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Things to do in Honiton, Devon

High Street
High Street

The charming town of Honiton in East Devon is 18 miles north-east of Exeter and was once a major stopping point for stagecoaches en route from Exeter to Lincoln.

This route was the Fosse Way, built in typical Roman fashion in an almost straight line between the two cities.

Honiton was originally called "Honetone", according to the 11th-century Domesday Book record, which meant "Huna's farm".

The Hot Pennies ceremony is still celebrated in honour of a 12th-century tradition:

The rich gentry would throw pennies from their windows to peasants in the street below, however, they first heated the coins in the fire so they could result in nasty burns.

Nonetheless, the practice attracted visitors from far and wide to the town and the fair that then took place.

The modern-day Hot Pennies ceremony involves the Town Crier raising a decorated pole signalling the start of Fair Week, and warm pennies are thrown from balconied town buildings.

Honiton was an important market town for this farming area but when Flemish immigrants arrived in the 16th century, they brought a new skill to Honiton - lacemaking.

This fine lace was hand made and samples can still be found in the area's antique shops and gift shops.

Such was the quality of Honiton lace that Queen Victoria used it in her wedding dress.

Later, Honiton pottery was added to the crafts produced in the town and it is very collectable today.

In 1747 and 1765, two fires destroyed many of the buildings, and those that exist today are mainly of Georgian origin, built to replace the older cottages.

From the 1960s onwards, Honiton expanded considerably with new homes being built south of the railway line which connects Exeter and London Waterloo.

However, it has now reached the border of the Blackhill Downs Area of Outstanding Natural Beauty which restricts new development.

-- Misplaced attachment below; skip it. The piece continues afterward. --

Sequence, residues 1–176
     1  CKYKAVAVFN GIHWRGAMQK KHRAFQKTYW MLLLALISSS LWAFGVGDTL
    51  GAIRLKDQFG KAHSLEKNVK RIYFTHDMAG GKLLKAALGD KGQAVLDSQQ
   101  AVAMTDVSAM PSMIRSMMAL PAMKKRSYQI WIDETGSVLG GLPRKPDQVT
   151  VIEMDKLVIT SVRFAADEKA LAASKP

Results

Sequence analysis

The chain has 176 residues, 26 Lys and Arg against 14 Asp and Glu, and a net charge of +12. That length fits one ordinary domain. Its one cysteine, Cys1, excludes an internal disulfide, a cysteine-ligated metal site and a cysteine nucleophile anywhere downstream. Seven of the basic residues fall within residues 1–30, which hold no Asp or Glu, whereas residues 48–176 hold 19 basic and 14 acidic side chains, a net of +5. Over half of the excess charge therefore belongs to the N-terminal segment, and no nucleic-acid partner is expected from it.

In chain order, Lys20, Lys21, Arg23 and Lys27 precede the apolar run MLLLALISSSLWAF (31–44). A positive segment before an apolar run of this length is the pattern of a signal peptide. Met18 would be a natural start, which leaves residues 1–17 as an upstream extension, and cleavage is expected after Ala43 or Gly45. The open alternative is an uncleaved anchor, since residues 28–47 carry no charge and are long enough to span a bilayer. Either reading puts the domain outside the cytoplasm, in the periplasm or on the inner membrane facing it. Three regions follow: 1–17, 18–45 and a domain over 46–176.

Present Day Honiton

The broad High Street is lined with mainly Georgian double-fronted houses, with specialist bookshops and antique shops geared towards the many tourists that visit Honiton each year.

The lively twice-weekly market is held on the street.

The local shops, supermarkets and services are further out of town along with schools and the sports centre.

Some of Honiton's oldest buildings of note, which survived the 18th-century fires, are Marwood House built in 1619, and the Manor House, once a coaching inn.

Honiton Garage building dates back to 1700.

The Parish Church of St. Michaels is just outside the town and was rebuilt in 1911.

The west tower and outer walls belong to the earlier church building, which was also destroyed by fire.

In the centre of Honiton is the Romanesque St Paul's Church, built in 1837.

Unfortunately, its location required the demolition of part of the older Allhallows Chapel.

Things to Do in Honiton

Visit the Allhallows Museum of Lace and Local Antiquities to see samples of fine Honiton lace.

It is located in the 13th century Allhallows Chapel, the oldest building in the town.

In August, the annual Honiton Agricultural Show is a wonderful example of Devonshire life with animal shows, heavy horses, vintage tractors, tug of war and a Concours d'Elegance.

Dartmoor National Park is within easy reach of Honiton and is ideal for walkers and mountain bikers.

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Images of Honiton

The Volunteer Honiton
The Volunteer Honiton
St Paul's Church Honiton
St Paul's Church Honiton
Stocks In Honiton Churchyard
Stocks In Honiton Churchyard
Chapel at St Margaret's Hospital Honiton
Chapel at St Margaret's Hospital Honiton
Honiton: Tracey Mill Trout Farm. Looking west.
Honiton: Tracey Mill Trout Farm. Looking west.
Honiton High Street
Honiton High Street
St Michael and All Angels Church, Clyst Honiton
St Michael and All Angels Church, Clyst Honiton

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